Local Politics

Isla Vista bluff top owners facing new proposed rules that could shrink properties

Erosion issues continue

Isla Vista bluff top erosion is taking place at a rate higher than what had been calculated. New safety rules for property owners are expected soon. (John Palminteri/KEYT.com)

ISLA VISTA, Calif. - Santa Barbara County officials are changing some of the safety wording in documents specifically for Isla Vista bluff top properties where erosion is ongoing.

The county has met with about 30 owners to explain the changes. Roughly 80 parcels are impacted.

The distance between the buildings and the edge of the bluffs is measured often, and is the basis for the policy upgrades. 

Significant erosion has been occurring, according to Santa Barbara County Building and Safety official Steve Mason.

"This is all about safety. The last time when the 15 feet collapsed it went right up to the edge of the buildings so if that structure had been at five feet we could have had an undermining of the structure," said Mason.

In the current guidelines, property owners are notified at a 15-foot distance and they are in violation at 10 feet. They have to take immediate action if the distance from the eroding bluff and their property is five feet. That is when a notice to vacate is issued.

The current policy can be found here.

The new rules have the notices going out at 25 feet. That places the property on a list that is closely watched by the county staff.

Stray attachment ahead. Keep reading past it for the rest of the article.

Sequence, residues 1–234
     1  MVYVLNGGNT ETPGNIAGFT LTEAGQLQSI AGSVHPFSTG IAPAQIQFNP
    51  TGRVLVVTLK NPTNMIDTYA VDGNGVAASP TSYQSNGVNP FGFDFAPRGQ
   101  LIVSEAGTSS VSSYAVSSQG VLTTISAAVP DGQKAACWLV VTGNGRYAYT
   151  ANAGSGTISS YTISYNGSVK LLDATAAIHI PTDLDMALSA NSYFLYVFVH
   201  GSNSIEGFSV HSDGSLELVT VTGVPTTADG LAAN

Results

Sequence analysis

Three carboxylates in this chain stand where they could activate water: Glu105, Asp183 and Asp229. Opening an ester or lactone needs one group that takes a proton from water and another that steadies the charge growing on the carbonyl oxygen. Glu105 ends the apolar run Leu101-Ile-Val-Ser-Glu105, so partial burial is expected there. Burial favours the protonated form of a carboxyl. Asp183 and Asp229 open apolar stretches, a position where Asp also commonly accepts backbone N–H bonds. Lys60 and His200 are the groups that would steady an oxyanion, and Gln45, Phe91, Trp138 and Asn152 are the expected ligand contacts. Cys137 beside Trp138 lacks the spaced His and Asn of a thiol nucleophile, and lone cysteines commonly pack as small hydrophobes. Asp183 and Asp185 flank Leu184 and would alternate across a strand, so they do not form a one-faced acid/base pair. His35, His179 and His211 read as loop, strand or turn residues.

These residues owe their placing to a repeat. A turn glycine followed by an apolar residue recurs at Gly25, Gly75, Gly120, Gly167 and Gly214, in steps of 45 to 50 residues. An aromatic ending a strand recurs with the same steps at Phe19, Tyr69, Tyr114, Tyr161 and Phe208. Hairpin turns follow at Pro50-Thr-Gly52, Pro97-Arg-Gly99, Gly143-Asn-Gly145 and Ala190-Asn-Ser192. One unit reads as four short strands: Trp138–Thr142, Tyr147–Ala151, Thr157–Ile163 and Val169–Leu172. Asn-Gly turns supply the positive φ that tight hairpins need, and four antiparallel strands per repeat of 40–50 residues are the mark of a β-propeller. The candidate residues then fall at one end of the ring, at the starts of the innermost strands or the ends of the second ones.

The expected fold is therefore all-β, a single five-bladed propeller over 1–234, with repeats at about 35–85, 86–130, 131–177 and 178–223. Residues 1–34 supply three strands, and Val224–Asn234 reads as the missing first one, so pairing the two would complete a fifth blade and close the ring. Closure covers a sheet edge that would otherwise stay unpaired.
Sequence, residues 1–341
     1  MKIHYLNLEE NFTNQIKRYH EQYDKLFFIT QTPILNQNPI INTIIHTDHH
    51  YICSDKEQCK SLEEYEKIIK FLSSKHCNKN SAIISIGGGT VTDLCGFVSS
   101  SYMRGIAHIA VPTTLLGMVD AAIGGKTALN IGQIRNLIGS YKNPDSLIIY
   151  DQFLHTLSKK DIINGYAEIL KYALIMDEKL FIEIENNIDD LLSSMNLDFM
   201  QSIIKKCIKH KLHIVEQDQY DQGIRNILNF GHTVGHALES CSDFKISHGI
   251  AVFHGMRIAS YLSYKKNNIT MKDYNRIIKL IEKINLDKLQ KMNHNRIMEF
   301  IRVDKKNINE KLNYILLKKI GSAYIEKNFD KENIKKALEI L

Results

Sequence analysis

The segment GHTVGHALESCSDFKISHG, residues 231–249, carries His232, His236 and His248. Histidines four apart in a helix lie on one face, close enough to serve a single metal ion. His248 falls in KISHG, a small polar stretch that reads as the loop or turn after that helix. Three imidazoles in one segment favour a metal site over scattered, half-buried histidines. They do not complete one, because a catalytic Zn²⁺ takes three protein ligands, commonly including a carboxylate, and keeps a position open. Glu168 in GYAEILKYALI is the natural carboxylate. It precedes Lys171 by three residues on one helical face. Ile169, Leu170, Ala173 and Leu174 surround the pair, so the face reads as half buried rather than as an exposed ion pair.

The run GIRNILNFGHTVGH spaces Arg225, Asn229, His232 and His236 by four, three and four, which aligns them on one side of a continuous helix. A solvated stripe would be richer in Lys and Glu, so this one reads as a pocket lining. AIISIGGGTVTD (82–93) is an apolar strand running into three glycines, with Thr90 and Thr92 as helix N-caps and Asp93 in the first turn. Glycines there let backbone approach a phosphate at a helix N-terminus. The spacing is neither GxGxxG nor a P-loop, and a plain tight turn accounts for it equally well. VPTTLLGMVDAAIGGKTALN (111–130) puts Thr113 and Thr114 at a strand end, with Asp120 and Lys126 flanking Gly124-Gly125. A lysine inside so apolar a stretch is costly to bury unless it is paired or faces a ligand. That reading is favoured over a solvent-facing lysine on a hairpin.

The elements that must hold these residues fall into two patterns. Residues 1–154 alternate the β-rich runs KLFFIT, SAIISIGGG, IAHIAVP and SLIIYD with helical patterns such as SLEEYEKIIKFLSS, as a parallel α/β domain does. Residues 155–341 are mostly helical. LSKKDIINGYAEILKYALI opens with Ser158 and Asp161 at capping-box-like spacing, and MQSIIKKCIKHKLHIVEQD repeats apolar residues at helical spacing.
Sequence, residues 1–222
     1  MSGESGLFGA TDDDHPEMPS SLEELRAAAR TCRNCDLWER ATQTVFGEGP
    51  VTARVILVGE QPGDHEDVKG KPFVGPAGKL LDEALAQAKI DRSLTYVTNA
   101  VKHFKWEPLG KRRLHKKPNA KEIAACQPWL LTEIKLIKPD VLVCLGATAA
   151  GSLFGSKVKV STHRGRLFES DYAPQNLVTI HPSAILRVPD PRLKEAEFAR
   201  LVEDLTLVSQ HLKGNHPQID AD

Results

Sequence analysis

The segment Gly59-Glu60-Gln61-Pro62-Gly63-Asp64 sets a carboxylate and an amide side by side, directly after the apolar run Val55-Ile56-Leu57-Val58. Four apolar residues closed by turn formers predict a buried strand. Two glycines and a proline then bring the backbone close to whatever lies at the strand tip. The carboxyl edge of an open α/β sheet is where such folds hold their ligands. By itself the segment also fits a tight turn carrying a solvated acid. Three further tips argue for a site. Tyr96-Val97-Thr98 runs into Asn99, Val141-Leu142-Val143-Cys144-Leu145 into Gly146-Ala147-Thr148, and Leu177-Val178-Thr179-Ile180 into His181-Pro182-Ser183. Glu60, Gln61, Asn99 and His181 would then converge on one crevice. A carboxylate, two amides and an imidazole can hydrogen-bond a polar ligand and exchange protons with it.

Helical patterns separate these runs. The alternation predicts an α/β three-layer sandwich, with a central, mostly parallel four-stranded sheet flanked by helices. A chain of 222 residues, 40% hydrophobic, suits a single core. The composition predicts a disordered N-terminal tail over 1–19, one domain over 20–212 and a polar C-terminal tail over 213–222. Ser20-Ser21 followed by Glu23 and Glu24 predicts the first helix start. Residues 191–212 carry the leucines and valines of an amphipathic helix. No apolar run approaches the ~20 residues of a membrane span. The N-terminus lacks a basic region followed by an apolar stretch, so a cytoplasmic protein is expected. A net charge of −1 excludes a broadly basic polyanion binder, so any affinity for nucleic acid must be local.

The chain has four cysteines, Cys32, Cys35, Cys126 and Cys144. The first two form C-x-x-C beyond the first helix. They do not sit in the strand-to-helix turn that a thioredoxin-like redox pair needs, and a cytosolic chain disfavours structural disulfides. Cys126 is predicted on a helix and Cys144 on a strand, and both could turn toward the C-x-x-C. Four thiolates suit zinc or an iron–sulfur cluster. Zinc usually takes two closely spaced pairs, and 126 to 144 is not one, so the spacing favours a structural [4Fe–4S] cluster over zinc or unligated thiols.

A "Notice of Violation" occurs at 20 feet and an action plan is ordered.

If erosion reduces the distance to 15 feet or less, the owner may be issued a “Notice and Order to Vacate Building and Abate.”   

The action is taken by the County of Santa Barbara Building and Safety Division. 

The measurements are done after a detailed geotechnical review of the area. The county has the guidelines on file and online.

Some property owners will have to take action once the new guidelines are in place. That is expected possibly in the next three months.  

There are already properties on a "watch" list. Experts are checking the area frequently.

"The 15 feet will impact some of the structures out there today," said Mason.

Soon new 3D drone equipment will be used to view the bluffs at different elevations, record the images and compare them to what was there previously. Mason said the sophisticated equipment can do detailed measurements from different angles and heights.

The staff not only walks on the beach to inspect erosion but responds where incidents occur to determine if something out of the ordinary has happened. The bluff top area is viewed in a broad overall inspection, but certain areas depending on the ocean impacts, sea walls, rock formations and past history may get more attention.

Some of the buildings are currently on the market. One is eight bedrooms and listed for $1.6 million and a 17-bedroom building is offered at $4.95 million.


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